A clear win­ner

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are telling us that there is lots of in­ter­est.’’

Dig­i­tal ra­dio broad­casts of­fer lis­ten­ers a long list of ben­e­fits, in­clud­ing clearer sound, bet­ter re­cep­tion, scrolling text to iden­tify sta­tion and song names, and 18 dig­i­talonly ra­dio sta­tions spe­cial­is­ing in top­ics such as coun­try mu­sic, com­edy, dance mu­sic and news.

Ad­vanced dig­i­tal ra­dios can also be used to pause, record or rewind broad­casts, and new fea­tures are com­ing.

This week Pure Dig­i­tal an­nounced plans to launch a ra­dio-based mu­sic down­load ser­vice. Called FlowSongs, Aus­tralia will be the sec­ond coun­try to re­ceive the ser­vice af­ter its launch in the UK last year.

Pure Dig­i­tal spokesman Peter Blam­field says FlowSongs is de­signed to take ad­van­tage of ra­dio’s abil­ity to in­tro­duce users to new songs and bring a thor­oughly mod­ern fea­ture to an older, more tra­di­tional medium. ‘‘ Be­cause your ra­dio is con­nected to the in­ter­net, we can use that to match the track and come back to you and say, ‘ Yes, this song is Bo­hemian Rhap­sody by Queen,’ for ex­am­ple, ‘ it’s avail­able for sale and it costs $5 or $1’,’’ he says.

‘‘ You can then pur­chase it right there and then and down­load it later at your con­ve­nience.’’

How­ever com­pat­i­ble ra­dios will not fea­ture hard drives, nor will they dou­ble as MP3 play­ers. In­stead, users will be able to stream songs over an in­ter­net con­nec­tion or down­load tracks to a PC later. The Mak­ing changes: Dig­i­tal ra­dio means the end of crackle and pop. songs will be avail­able in MP3 for­mat and can be added to iPods or other me­dia play­ers.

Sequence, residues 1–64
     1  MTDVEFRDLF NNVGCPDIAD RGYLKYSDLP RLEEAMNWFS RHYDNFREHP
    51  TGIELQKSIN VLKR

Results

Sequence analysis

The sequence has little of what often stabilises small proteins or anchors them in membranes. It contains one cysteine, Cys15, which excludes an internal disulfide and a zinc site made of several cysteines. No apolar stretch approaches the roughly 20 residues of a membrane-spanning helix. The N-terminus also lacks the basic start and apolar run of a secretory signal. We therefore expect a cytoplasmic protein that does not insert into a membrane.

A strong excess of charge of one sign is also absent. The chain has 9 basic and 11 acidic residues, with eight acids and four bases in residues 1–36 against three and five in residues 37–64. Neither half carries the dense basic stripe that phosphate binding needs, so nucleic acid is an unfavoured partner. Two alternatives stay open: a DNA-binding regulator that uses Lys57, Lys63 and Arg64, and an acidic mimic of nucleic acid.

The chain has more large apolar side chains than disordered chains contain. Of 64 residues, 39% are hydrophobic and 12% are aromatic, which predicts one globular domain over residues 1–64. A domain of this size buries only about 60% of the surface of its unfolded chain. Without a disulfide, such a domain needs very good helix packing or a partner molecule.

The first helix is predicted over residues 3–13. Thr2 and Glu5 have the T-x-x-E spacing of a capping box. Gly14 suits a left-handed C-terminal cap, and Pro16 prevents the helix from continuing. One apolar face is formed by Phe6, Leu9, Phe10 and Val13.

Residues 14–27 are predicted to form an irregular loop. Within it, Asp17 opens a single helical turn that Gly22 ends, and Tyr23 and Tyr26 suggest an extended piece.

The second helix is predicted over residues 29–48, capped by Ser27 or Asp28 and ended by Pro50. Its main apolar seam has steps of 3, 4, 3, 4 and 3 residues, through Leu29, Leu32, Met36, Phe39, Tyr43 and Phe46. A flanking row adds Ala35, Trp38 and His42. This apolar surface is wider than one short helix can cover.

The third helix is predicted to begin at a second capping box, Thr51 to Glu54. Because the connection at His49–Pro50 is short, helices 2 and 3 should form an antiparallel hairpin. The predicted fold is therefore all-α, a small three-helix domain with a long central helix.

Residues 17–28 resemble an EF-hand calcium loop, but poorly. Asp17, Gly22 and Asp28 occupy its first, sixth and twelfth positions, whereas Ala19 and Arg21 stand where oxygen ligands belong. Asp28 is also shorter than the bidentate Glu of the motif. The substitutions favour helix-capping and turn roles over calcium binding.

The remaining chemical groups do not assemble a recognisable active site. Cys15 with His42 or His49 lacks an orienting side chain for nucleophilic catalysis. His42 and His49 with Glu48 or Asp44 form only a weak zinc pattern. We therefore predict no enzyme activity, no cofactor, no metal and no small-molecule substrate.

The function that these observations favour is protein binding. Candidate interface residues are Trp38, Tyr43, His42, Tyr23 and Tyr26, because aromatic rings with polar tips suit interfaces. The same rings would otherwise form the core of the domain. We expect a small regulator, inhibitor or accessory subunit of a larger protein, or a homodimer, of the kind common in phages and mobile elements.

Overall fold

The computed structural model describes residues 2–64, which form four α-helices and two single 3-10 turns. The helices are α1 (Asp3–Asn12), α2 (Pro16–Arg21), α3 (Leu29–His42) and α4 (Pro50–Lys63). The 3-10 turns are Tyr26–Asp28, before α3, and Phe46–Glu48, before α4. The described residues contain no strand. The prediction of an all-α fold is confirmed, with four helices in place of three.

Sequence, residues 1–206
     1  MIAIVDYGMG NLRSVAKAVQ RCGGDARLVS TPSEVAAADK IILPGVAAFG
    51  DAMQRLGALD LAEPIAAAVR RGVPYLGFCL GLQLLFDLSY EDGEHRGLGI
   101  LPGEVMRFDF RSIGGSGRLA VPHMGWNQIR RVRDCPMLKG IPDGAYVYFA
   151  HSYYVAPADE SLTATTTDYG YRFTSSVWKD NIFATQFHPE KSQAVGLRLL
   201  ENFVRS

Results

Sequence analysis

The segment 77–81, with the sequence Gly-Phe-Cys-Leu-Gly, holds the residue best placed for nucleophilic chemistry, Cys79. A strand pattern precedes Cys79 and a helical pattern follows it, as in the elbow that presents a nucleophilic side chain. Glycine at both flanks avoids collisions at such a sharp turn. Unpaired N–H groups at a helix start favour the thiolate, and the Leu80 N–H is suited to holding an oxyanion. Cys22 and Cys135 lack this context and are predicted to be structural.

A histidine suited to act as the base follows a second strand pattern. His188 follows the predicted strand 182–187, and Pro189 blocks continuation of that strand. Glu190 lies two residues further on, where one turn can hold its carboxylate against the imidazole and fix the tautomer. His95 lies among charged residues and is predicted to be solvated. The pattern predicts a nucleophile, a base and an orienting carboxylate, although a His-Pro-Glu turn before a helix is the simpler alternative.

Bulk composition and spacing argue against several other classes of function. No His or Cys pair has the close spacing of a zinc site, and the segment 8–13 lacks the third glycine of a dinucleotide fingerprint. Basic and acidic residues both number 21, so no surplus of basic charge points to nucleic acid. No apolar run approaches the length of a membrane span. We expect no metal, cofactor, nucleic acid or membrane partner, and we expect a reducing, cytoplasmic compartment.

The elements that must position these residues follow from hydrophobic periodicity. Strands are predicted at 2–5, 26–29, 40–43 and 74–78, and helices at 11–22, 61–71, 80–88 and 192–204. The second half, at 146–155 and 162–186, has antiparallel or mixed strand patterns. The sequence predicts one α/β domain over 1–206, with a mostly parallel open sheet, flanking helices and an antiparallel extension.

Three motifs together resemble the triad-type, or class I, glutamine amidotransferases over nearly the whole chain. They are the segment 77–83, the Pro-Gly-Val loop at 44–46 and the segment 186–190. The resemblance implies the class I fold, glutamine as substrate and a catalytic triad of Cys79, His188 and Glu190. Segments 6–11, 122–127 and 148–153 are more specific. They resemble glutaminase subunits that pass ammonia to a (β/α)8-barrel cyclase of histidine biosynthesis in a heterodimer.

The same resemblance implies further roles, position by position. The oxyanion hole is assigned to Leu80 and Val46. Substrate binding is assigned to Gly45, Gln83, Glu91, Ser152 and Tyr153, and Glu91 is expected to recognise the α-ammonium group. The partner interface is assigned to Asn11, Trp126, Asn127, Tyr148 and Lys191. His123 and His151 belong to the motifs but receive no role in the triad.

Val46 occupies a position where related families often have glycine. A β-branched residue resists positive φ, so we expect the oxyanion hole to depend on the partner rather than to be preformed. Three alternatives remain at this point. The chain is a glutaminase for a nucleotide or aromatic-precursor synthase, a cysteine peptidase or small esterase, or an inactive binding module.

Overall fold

BLAM­FIELD says the ser­vice will be launched in Aus­tralia in ‘‘ a cou­ple of months’’ and Warner prom­ises a ‘‘ generic’’ ver­sion of the mu­sic down­load ser­vice for other ra­dio brands next year.

The in­dus­try also plans to test a ser­vice called Push Ra­dio, with a trial sched­uled for Bris­bane in July.

The ser­vice is de­signed to let sta­tions ‘‘ push’’ con­tent — such as pod­casts — to ra­dios, so users can choose to lis­ten to them when they want.

‘‘ You could even push in­for­ma­tion on dis­counts and coupons for buy­ing things us­ing this tech­nol­ogy,’’ Warner says.

BMW also re­cently an­nounced it would of­fer a dig­i­tal ra­dio op­tion in its Se­ries 5 and Se­ries 7 cars from next month, ad­dress­ing a long-term in­dus­try battle to bring the tech­nol­ogy to driv­ers’ ears.

But dig­i­tal ra­dio still has plenty of hur­dles to over­come.

Sev­eral blackspots have been iden­ti­fied, in­clud­ing Dock­lands, Syd­ney’s Surry Hills and north­east Bris­bane.

Warner says the in­dus­try has cre­ated a so­lu­tion to fill the gaps, called On Chan­nel Re­peaters, but their in­stal­la­tion will cost ‘‘ hun­dreds of thou­sands of dol­lars’’ and re­quire time to in­stall and test.

Re­gional and ru­ral Aus­tralia will also have to wait un­til 2013 to dis­cover when dig­i­tal ra­dio will be­come avail­able.

While the Fed­eral Gov­ern­ment has iden­ti­fied a spec­trum to broad­cast dig­i­tal ra­dio in far-flung ar­eas, its in­tro­duc­tion is likely to be years away and tied to the cut-off of ana­logue TV broad­casts.

‘‘ Within the next 10 years all re­gional ar­eas will re­ceive dig­i­tal ra­dio,’’ Warner says. ‘‘ It will be a lot sooner if all goes to plan.’’

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